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By Matt L. Reifschneider of Blood Brothers Film Reviews


My night at the local Alamo Drafthouse started with something quite surprising. As our generous host kicked off the evening by setting the stage for the classic Liu Chia Liang (also known as Lau Kar Leung) film, 8 Diagram Pole Fighter, he asked the audience a single question: How many of us had seen the film previously? Considering the classic status of the film, not only as one of Liu Chia Liang’s best, naturally sitting in the shade of The 36th Chamber of Shaolin and perhaps inched out by Challenge of the Masters, but as a prime example of the culmination of heart and entertainment that the Shaw Brothers did so well, my expectation would be that at least a majority of the audience would raise their hands and cheer.

There were three. Myself included.

It is a surprisingly low number and I was a bit taken back. Not only is 8 Diagram Pole Fighter a seminal Shaw Brothers production, featuring a slew of Liu Chia Liang’s favorite stars like Gordon Liu, Alexander Fu Sheng, Kara Hui, and Johnny Wang, but its a film that takes a legendary piece of Chinese folklore – the story of the Yang generals – and spins it into a truly effective message-driven tale about finding balance and learning to break the cycles of violence. Yet, there were three of us in the theater that had seen the film. At this point, I found myself somewhat jealous of those who had not seen it. Our host replicated my feelings. If only I could have seen this film for the first time on the big screen that would have been truly special.

One could tell that the audience was having a special night Judging from their reactions throughout the film. There was silence of intense viewing through the opening battle sequence that sets the stage for our main hero’s plight to a temple where not one person giggled at the obvious low budget sets of the 1980s Shaw Brothers style. There were cheers and laughter at the gimmicks of the third act where Gordon Liu must fight on stacked coffins filled with villains to save his captured sister. The crowd was into the film. Why wouldn’t they be? 8 Diagram Pole Fighter is a fantastic piece of cinema. It was wonderful to see an audience so engaged with it too.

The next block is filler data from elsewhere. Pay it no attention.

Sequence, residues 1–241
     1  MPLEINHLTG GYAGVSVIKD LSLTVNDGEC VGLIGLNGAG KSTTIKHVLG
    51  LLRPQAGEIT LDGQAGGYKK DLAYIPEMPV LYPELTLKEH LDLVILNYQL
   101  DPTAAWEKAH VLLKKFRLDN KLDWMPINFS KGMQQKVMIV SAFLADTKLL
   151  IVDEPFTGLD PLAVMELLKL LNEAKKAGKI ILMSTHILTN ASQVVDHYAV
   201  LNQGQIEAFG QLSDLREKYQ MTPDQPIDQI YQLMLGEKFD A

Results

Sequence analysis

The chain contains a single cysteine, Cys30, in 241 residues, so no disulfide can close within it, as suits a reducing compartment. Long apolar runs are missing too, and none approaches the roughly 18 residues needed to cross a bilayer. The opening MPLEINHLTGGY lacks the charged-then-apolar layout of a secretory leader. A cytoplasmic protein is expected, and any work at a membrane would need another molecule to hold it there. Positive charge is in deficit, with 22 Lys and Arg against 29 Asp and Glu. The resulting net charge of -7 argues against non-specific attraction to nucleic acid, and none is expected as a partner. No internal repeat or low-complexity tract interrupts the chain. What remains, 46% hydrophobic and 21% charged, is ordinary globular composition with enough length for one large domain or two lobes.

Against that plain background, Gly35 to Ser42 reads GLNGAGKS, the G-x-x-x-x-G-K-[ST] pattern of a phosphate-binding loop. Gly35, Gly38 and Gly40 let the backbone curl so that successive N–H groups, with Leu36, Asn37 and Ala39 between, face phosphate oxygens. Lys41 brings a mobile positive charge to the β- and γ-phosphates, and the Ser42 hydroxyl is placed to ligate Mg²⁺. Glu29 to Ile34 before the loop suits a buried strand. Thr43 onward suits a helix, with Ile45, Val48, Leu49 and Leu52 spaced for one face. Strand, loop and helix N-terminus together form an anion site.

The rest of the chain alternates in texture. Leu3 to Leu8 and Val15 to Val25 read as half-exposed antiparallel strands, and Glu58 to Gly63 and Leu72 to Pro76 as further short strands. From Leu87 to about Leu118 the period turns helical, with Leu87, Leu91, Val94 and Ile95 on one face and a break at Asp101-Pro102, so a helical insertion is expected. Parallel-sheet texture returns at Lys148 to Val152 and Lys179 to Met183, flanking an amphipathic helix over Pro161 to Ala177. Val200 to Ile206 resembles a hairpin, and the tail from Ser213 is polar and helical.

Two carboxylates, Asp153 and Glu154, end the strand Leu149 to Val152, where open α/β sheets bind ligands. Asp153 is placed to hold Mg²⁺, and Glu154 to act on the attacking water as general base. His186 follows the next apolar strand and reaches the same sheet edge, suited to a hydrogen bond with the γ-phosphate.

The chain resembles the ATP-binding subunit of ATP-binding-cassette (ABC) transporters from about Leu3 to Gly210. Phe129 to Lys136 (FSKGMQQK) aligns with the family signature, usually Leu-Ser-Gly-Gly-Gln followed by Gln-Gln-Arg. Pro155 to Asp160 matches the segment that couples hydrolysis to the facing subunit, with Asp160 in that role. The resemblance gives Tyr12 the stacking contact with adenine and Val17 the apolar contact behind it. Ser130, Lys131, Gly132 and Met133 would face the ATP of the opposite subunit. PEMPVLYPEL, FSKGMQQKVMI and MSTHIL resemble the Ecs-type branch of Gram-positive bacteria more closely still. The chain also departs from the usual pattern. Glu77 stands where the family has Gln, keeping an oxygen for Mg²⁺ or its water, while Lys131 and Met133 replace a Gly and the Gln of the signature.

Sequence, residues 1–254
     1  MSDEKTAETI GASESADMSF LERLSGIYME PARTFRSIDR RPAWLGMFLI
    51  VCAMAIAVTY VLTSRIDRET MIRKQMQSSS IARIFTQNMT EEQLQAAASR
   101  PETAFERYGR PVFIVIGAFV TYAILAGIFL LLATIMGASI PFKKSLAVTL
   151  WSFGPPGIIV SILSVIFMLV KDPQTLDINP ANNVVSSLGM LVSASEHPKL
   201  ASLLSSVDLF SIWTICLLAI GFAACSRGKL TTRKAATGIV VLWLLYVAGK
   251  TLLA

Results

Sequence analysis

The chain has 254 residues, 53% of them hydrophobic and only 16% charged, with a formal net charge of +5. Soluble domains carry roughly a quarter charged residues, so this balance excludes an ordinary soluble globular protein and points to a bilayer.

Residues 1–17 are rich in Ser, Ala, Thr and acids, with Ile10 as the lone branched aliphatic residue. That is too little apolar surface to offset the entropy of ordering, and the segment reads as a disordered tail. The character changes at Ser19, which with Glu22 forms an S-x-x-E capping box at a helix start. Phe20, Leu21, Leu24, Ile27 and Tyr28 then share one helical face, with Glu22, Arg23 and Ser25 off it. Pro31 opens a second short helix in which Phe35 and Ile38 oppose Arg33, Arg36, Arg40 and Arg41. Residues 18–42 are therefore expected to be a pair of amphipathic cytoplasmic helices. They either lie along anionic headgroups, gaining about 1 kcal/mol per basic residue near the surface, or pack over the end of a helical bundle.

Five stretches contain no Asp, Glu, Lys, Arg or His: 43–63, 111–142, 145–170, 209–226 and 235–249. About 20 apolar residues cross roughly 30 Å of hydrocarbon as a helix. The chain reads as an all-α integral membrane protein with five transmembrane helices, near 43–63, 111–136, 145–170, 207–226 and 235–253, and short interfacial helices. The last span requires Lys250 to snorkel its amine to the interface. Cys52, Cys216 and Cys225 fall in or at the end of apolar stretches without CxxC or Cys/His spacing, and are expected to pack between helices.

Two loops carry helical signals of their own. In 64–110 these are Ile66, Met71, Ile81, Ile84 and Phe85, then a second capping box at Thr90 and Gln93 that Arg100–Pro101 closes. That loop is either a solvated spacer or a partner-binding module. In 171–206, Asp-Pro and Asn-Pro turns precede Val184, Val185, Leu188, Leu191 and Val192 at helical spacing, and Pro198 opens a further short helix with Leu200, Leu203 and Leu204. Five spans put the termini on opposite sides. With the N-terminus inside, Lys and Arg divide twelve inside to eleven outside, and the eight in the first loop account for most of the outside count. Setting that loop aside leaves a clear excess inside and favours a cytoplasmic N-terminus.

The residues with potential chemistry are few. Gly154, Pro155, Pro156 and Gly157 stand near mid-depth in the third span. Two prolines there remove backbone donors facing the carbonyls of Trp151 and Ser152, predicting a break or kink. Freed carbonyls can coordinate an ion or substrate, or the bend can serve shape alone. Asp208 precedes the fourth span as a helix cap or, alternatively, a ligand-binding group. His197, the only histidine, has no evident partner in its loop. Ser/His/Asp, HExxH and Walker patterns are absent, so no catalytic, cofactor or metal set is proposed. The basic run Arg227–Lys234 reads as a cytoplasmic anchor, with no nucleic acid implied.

On the surface, 8 Diagram Pole Fighter represents some of the best entertainment that the Shaw Brothers has to offer and, despite its early 80s release date, uses its gimmicks to enhance its emotional narrative versus replacing them. The action is, as always with this director, crisp and dynamic where he utilizes the narrative’s emotional core to power the tones of the fights from the massive and very violent opening to the respectful duel between master and student before a final showdown that features enough disarming to give an audience a toothache. This is increased by the wonderful use of sets, bright costumes, and visual camera work that takes it to the next level.

Yet, despite the gimmicks of the training sequences with dummy wolves that our hero trains on to defeat the real wolves that threaten his family or the occasionally overzealous use of costuming and sets to create entertaining backdrops, there is a certain admiration for martial arts beyond the impressive execution of choreography that litters the entire runtime. It gives a lot of meaning to the proceedings, a heartfelt execution that only Liu Chia Liang could bring to a film like this as the tropes of the genre are used to indicate the strength of martial arts as not only a way to bring justice, but find peace and balance. It helps that the emotions run high, powered by intense performances from Gordon Liu, Kara Hui, and Alexander Fu Sheng. Knowing that this was Sheng’s final performance before his untimely death, which is why his character essentially disappears after the second act, only makes his madness of the opening – a character torn by the deaths of his own loved ones – all the more effective and resonating.

Perhaps having only three people see the film previously in a decent sized theater is not such a bad thing. 8 Diagram Pole Fighter is one hell of a way to start digging into martial arts films and seeing it on the big screen is a fantastic way to do it. The film is a fantastic blend of the more dramatic elements of its narrative, but done with the sense of fun and entertaining style that Liu Chia Liang was known for balancing when he worked with the Shaw Brothers as a director. The film might focus on a young man, surrounded by his enemies and ‘wolves’ that he has to disarm to protect his family, but the audience at the Alamo Drafthouse was anything but wolves. Even if they had a howling good time. Hopefully, our hero was able to disarm them too.


Watch 8 Diagram Pole Fighter on Amazon Prime here!